FDA Slaps Down Verrica’s Skin Disease Treatment Over Quality Concerns at CMO


Shares of Verrica Pharmaceuticals have plunged more than 26% after the company received a Complete Response Letter from the U.S. Food and Drug Administration (FDA) for the company’s experimental treatment for molluscum contagiosum (molluscum).

The CRL came after the company disclosed in May that the FDA extended the Prescription Drug User Fee Act (PDUFA) goal date for the NDA by three months to Sept. 23 to allow the regulatory agency additional time to review data submitted by Verrica regarding its human factors study. 

In the CRL, the FDA did not identify any deficiencies related to the manufacturing of the asset. There were also no clinical, safety or chemistry, manufacturing or controls concerns identified.

However, the FDA did identify deficiencies at the facility of a contract manufacturing organization Verrica is working with. The FDA stated that the deficiencies are not specifically related to the manufacturing of Verrica’s investigational asset VP-102. Instead, the FDA said those deficiencies raise general quality issues at the facility. 

In its announcement this morning, Verrica noted that at no time did the FDA reach out to the company about the agency’s concerns regarding the CMO facility and how it might impact the potential approval of VP-102. The company added that the contract manufacturing organization singled out by the CRL has undertaken corrective measures to address the FDA’s concerns and that it is expecting a “satisfactory resolution” of the identified deficiencies within 30 days.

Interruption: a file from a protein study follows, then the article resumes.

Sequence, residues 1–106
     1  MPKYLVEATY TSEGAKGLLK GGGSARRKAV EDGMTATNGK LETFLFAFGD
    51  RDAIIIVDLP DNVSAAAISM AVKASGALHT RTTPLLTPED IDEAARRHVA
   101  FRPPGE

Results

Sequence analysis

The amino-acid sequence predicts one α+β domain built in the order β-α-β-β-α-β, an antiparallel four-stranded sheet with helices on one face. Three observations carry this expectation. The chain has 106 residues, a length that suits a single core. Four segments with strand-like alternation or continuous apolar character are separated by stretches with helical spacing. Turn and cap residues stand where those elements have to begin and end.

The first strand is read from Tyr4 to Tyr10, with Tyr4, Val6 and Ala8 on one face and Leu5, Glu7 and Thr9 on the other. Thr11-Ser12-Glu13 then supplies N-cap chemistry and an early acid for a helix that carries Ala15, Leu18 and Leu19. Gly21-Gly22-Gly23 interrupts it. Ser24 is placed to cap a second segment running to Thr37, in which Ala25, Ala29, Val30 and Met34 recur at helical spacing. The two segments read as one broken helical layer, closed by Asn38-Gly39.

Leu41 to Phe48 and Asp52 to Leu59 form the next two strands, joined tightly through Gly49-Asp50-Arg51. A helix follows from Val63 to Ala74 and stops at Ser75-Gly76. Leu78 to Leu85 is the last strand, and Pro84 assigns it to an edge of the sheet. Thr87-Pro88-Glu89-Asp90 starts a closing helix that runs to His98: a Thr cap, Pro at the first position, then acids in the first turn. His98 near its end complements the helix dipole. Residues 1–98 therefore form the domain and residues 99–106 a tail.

Over the next month, Verrica will meet with the FDA to ensure a path forward and its own good manufacturing practices, controls and processes continue to pass muster. 

Verrica’s lead product candidate, VP-102, is a drug-device combination that contains a formulation of cantharidin that is delivered through a single-use applicator. Through this method, precise dosing of the medication can be administered directly to the skin lesion caused by molescum, a highly contagious viral skin disease caused by a poxvirus. The virus causes lesions on the skin that can be itchy or painful. The lesions are easily transmitted through direct skin-to-skin contact. Without treatment, the lesions can remain on the body for an average of 13 months. Molluscum typically impacts children. 

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“We remain confident that we have a path forward for VP-102 as a potential treatment option for molluscum, a highly contagious viral skin disease affecting approximately six million people in the United States – primarily children, for which there are currently no FDA-approved treatments,” Ted White, Verrica’s president and chief executive officer said in a statement.

Verrica filed for the New Drug Application based on Phase III data that showed VP-102 demonstrated complete clearance rates from baseline. Additionally, new upper and lower extremity lesions were significantly better statistically when compared to the vehicle. 

In addition to molluscum contagiosum, Pennsylvania-based Verrica is assessing VP-102 as a potential treatment for common warts and genital warts. Both of those studies are in Phase II. 


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